Saturday, March 07, 2009

At the Hop

Since design, editing, and production work has ceased on my book Soul Songs, much to my disappointment, I've decided to share "songs" from it with you. This is a nostalgia piece from the early 1960s with rock 'n' roll and Motown songs underlined—some of my favorites from the era.


At the Hop

Dropped. Ditched. Dumped. Discarded. Disposed. Dismissed. I was dumfounded by the number of d words there are to describe how she dissed me. There were Tears on My Pillow because she deserted and dumpsterized me for an old dude. I saw him only once while I was skulking around her house in the dark, but I was positive he was at least eighteen.

Oh, my heart was broken all right, especially when the words of my precious Baby Love, my beautiful Teen Angel, were still fresh in my mind: “You have the BEST lips in the whole wide world!” she used to tell me. She didn’t say that I was the best kisser, mind you, but just that my lips were the best.

Well the hell with her, I thought. Neil Sedaka was singing Breaking up Is Hard to Do every two minutes on the radio, but breaking up was a damn sight easier to take when My Girl was Runaround Sue. There Goes My Baby, I thought, and good riddance.

I figured there were plenty of other land sharks in the water, and all I had to do to land one was use my lips as bait. Not the best kissing lips, mind you, but just the best lips.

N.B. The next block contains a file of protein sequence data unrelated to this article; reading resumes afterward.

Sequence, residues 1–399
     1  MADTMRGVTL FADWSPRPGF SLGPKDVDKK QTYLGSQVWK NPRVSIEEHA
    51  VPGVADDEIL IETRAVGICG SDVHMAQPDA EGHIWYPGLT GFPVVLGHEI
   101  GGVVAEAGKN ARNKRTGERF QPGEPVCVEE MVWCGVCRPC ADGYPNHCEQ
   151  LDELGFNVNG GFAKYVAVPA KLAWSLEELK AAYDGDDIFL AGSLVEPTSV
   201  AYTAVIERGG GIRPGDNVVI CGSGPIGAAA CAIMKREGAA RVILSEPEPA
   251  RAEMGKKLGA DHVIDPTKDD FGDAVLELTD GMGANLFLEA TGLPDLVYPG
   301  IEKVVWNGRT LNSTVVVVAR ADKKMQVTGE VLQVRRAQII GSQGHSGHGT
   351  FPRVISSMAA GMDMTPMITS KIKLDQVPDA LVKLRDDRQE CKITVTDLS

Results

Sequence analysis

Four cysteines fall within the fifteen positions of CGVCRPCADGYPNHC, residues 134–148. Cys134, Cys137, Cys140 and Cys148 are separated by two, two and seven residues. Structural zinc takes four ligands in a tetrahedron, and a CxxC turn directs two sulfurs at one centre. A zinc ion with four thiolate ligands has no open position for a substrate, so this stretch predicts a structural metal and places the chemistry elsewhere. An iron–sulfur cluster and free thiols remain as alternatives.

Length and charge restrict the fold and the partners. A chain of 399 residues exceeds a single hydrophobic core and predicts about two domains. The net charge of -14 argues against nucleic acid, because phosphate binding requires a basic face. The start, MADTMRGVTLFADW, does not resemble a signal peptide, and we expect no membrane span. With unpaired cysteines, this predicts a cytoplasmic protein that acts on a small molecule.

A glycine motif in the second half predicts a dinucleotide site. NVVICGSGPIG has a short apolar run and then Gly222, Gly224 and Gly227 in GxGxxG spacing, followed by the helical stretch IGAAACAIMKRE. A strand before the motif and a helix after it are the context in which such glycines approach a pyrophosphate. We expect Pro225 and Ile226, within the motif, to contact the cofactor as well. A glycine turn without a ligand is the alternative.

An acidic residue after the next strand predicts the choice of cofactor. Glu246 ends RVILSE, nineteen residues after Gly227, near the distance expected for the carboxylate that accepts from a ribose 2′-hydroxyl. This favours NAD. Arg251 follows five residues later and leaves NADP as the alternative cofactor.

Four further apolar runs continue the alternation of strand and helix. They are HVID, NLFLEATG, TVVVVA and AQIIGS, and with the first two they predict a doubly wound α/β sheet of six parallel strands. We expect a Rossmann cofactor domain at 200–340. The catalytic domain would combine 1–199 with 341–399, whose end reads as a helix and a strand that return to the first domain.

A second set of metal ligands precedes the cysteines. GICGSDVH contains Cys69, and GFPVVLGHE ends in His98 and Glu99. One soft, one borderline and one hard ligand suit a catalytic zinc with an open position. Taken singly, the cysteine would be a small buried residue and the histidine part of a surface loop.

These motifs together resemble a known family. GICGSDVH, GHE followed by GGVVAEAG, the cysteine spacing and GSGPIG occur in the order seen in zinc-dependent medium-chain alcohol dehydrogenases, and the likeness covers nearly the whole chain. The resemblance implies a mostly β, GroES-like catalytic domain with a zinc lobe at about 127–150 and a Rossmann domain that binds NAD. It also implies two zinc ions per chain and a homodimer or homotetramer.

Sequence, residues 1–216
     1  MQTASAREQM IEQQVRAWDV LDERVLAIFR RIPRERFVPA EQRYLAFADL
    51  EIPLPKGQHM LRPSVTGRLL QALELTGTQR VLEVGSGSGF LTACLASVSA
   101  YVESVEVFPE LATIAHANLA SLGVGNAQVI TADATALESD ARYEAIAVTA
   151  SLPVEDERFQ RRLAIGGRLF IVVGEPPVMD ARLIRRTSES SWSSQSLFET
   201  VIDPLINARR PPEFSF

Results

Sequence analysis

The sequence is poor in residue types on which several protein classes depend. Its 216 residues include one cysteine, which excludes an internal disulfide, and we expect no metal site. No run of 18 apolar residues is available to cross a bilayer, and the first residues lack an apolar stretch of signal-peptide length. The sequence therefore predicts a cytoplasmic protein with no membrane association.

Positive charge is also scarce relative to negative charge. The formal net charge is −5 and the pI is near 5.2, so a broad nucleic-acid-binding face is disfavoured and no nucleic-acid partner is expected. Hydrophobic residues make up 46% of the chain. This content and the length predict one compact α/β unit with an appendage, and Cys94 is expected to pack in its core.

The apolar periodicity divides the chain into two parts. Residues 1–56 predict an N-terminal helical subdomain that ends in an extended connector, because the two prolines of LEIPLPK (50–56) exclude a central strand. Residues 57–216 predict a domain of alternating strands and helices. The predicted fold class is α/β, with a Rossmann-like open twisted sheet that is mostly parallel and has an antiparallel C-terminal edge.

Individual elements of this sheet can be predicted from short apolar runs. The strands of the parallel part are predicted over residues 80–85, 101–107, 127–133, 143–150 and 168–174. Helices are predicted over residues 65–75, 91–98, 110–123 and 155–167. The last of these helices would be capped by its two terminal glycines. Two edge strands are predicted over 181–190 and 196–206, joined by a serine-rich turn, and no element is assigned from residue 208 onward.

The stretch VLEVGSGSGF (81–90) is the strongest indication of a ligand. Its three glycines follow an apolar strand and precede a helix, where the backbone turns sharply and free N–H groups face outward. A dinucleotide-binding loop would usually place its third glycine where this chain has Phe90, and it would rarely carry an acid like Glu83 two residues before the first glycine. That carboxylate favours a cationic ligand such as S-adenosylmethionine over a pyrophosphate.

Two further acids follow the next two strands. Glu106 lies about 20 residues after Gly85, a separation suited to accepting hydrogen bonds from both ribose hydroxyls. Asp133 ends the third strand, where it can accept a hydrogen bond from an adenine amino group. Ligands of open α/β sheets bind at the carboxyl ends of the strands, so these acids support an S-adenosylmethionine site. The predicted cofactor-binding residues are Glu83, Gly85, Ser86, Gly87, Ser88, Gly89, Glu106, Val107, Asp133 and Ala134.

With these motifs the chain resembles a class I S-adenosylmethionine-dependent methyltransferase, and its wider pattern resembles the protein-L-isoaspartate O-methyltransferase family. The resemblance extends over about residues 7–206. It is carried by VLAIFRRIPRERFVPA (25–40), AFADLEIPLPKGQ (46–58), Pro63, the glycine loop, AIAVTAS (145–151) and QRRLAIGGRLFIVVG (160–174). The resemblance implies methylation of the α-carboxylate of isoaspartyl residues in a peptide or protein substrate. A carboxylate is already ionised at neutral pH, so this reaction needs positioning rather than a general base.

“Hey Peggy Sue, wanna go to the hop with me?” Like the jocks that pranced around showing off their muscles, I stood by her locker doing lip exercises to impress her: puffs, push ups, and my specialty, pouts.

“Yeeew, what in the world is wrong with your MOUTH?” Peggy Sue cried.

On second thought, maybe I should forget The Great Pretender and just be my usual charming self, the real me: calm, cool, collected, and remarkably mature for my age.

Help Me, Rhonda, and please say that you’ll go to the hop with me because if you say no I’ll die right here of embarrassment because I really like you and you always wear pretty sweaters and I nearly melt every time you smile at me at lunch but I get so nervous when I try to talk to you and I would call and ask you to go with me only I don’t know your phone number and even if I did I wouldn’t ask you anyway because after I dial the number I always lose my nerve and slam the phone down and I do it about eleven or twelve times in a row which really irritates me (not to mention whoever is picking up on the other end) so I’m asking you right here in person instead and boy am I nauseous so will you Come Go With Me before I throw up?”

“Yes.”

Great. Two million girls in school and I fall in love with the chatterbox.

* * * * *

The most brilliant thing I ever did as a youngster was flunk out of high school.

At the end of my sophomore year, I bombed out of an all male Catholic school by failing three subjects. Well boo-fucking-hoo, let the door hit me in the ass on the way out, and Goodbye Cruel World ’cause I’m off to join the circus.

The circus, cleverly disguised as public high school, was the perfect place for a dreamer and a romantic like me. While my former all-male classmates were scrounging around for dates on street corners and in alleyways, I was busy learning the social graces in summer school.